The new UK voluntary Living Wage rate has been set at £9.30 per hour, an increase of 30p per hour on last year’s rate, and £1.09 more than the minimum wage for over 25s.
The Living Wage Foundation, which calculates the rate based on the cost of living, made the announcement at the start of Living Wage Week (November 11-17), which saw employers host events across the UK.
The voluntary Living Wage rate for London is now £10.75 per hour, an increase of 20p per hour on last year.
Living Wage Foundation director Katherine Chapman, said: “In this time of uncertainty today’s new Living Wage rates give a boost to hundreds of thousands of UK workers. Good businesses know that the real Living Wage means happier, healthier and more motivated workers, and that providing workers with financial security is not only the right thing to do, but has real business benefits.”
United Kingdom Homecare Association said it is revising its Minimum Price for Care version 6 to include the revised rates and will issue an update.
Businesses and civic leaders in Salford and Cardiff have also announced ambitious plans to become the first Living Wage cities in England and Wales, committing to more than double the number of local workers getting the rate.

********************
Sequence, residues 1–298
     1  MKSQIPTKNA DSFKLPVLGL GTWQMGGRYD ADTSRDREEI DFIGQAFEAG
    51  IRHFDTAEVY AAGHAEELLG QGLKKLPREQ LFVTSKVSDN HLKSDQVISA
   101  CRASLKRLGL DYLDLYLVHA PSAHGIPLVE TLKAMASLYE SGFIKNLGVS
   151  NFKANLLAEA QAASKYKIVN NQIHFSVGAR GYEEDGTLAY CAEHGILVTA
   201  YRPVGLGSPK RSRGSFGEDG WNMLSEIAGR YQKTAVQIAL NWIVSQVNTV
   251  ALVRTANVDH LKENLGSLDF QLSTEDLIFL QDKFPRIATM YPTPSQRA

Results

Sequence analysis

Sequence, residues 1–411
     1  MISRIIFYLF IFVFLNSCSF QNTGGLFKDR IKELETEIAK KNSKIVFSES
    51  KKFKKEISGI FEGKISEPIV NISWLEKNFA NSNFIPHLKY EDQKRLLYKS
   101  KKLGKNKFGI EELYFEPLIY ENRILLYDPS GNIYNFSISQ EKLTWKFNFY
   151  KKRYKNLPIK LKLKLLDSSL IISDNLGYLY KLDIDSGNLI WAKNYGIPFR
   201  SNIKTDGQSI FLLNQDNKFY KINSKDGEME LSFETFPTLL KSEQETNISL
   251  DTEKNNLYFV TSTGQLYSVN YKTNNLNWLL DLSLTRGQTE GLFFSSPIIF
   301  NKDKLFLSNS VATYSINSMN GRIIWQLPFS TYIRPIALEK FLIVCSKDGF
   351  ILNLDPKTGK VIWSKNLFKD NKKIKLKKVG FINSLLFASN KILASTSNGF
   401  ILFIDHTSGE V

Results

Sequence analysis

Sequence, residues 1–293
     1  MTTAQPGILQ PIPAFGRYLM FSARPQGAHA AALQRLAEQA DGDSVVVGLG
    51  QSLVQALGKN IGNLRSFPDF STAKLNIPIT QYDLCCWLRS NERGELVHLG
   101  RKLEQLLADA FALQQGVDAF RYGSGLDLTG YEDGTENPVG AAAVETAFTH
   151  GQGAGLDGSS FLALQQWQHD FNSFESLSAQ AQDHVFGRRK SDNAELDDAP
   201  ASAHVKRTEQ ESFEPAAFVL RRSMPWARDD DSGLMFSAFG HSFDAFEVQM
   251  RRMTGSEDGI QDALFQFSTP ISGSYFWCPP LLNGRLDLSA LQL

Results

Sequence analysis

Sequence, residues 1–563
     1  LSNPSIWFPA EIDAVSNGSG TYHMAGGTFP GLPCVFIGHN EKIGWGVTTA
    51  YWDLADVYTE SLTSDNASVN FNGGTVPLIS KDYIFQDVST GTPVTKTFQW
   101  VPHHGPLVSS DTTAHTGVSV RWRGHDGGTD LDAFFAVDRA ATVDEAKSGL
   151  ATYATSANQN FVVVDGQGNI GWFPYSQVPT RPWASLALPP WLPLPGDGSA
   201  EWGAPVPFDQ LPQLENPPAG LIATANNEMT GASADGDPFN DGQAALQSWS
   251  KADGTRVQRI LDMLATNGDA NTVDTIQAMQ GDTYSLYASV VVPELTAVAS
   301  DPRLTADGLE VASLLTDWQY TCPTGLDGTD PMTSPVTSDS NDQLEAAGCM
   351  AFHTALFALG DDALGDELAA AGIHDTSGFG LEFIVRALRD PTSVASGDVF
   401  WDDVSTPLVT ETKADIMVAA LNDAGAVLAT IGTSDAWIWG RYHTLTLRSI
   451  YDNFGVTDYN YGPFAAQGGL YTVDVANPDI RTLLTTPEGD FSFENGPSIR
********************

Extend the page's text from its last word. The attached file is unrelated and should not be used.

“This year for the first-time cities and towns have announced big plans to grow the number of Living Wage Employers in their communities. We are delighted at the ambition of Cardiff and Salford to build Living Wage cities, with Cardiff planning to double the number of workers getting the real Living Wage to nearly 50,000, freeing many more families from the low pay trap. We hope to see many more towns and cities follow suit,” Chapman added.
The increase in the Living Wage rate means that a full-time worker paid the Living Wage will receive more than £2,000 in additional wages compared to the current government minimum – equivalent to nine months of a typical family’s food and drink bill, according to the Living Wage Foundation.
In London, a full time worker will receive £5,000 more per year, equivalent to an average family’s annual food, drink, gas and electric bills.